My sister-in-law attempted to homeschool her daughter. It's a bit of a mystery why, because it definitely wasn't the usual religious or political reasons. The sister-in-law did not do well in high school, barely made it to graduation. I can only guess that she didn't want her daughter to have the same terrible experience with school that she had.
The end result was that starting at age 11, she kept her daughter at home, did not connect up with local school districts while moving to two different states, and apparently went from minimal schooling at the beginning to no schooling at all. Which should not have been a big surprise since she did so poorly in school herself. Her daughter ended up isolated from other kids her age, mostly just sitting in a room bored out of her mind. The daughter is now 17, the rest of the family has intervened and she's finally getting enrolled into a good small alternative school, where she'll be assessed to figure out where she needs to catch up, but it's going to take awhile because we know she needs some refresher courses on multiplication tables, for instance.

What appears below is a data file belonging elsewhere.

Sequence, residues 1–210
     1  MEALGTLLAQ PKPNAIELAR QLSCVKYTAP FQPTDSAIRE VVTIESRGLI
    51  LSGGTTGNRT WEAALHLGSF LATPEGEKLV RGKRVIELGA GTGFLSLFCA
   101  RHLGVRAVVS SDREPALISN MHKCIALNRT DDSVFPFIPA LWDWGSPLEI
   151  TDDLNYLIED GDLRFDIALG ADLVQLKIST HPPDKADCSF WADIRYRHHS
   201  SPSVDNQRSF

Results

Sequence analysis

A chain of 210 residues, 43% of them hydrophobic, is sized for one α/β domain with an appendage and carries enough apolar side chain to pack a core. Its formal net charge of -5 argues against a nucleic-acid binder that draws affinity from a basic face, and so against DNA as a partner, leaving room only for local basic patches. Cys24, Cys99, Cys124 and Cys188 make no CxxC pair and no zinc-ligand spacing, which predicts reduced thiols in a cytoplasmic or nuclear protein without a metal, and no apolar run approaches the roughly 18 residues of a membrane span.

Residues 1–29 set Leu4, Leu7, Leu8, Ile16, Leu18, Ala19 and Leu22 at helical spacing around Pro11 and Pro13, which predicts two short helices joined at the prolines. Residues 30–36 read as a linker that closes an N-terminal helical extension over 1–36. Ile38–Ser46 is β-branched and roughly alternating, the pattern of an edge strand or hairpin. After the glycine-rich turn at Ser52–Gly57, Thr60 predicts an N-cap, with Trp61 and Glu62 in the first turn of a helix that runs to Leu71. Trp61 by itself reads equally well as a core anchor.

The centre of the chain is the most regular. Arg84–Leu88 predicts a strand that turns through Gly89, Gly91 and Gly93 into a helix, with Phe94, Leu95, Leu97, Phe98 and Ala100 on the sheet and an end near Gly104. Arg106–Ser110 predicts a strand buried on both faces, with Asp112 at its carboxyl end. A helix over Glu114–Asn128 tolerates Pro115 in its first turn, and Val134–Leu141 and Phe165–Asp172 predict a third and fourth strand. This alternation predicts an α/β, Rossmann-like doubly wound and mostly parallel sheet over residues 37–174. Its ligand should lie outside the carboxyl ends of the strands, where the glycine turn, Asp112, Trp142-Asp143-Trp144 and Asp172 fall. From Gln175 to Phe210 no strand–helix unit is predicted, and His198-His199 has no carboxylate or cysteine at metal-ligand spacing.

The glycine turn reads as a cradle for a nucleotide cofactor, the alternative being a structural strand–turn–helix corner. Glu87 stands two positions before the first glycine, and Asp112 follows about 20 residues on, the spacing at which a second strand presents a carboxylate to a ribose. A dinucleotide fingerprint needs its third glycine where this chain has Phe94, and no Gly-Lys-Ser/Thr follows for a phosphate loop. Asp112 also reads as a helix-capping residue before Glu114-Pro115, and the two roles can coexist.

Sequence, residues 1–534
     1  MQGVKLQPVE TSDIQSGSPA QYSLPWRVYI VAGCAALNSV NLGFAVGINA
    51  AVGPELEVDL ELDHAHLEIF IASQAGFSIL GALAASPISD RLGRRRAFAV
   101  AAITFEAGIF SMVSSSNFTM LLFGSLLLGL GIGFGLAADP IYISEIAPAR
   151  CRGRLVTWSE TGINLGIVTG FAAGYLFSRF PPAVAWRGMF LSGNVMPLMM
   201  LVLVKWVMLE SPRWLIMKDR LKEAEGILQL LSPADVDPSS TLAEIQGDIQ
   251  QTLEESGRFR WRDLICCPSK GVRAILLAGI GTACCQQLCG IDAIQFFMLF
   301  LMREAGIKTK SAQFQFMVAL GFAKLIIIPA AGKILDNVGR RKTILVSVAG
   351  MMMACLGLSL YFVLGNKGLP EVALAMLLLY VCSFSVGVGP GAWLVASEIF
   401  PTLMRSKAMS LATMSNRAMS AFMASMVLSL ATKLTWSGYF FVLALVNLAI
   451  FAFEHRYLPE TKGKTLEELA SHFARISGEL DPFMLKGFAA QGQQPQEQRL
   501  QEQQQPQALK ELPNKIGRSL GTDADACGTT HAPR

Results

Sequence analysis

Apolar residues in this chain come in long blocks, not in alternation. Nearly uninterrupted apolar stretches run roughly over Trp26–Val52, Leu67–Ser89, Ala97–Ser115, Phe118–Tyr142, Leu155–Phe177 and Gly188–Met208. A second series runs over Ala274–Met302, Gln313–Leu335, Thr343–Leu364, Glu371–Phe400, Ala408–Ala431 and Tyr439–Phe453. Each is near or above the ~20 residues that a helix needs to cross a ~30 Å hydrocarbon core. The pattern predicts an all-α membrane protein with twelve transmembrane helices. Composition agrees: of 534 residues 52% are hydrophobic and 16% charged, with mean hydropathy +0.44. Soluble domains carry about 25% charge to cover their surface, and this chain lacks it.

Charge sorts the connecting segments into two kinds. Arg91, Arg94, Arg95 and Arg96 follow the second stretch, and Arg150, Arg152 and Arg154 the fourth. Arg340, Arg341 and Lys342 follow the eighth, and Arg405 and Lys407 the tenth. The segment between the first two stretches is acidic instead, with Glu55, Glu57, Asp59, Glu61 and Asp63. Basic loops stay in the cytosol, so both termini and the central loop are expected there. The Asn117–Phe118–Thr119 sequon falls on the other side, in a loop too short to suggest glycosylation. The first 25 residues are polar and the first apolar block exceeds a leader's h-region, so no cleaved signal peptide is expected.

So you have got to ask yourself and your wife hard questions about why she feels qualified to teach when she couldn't even complete high school. Maybe adult life and the GED stuff got her up to normal functioning or maybe even better than usual - but probably not. What happens in the very real possibility that she finds she can't hack it as a teacher? Because the ability to teach is not in all of us, and if it was difficult to learn, it's going to be even more difficult to teach.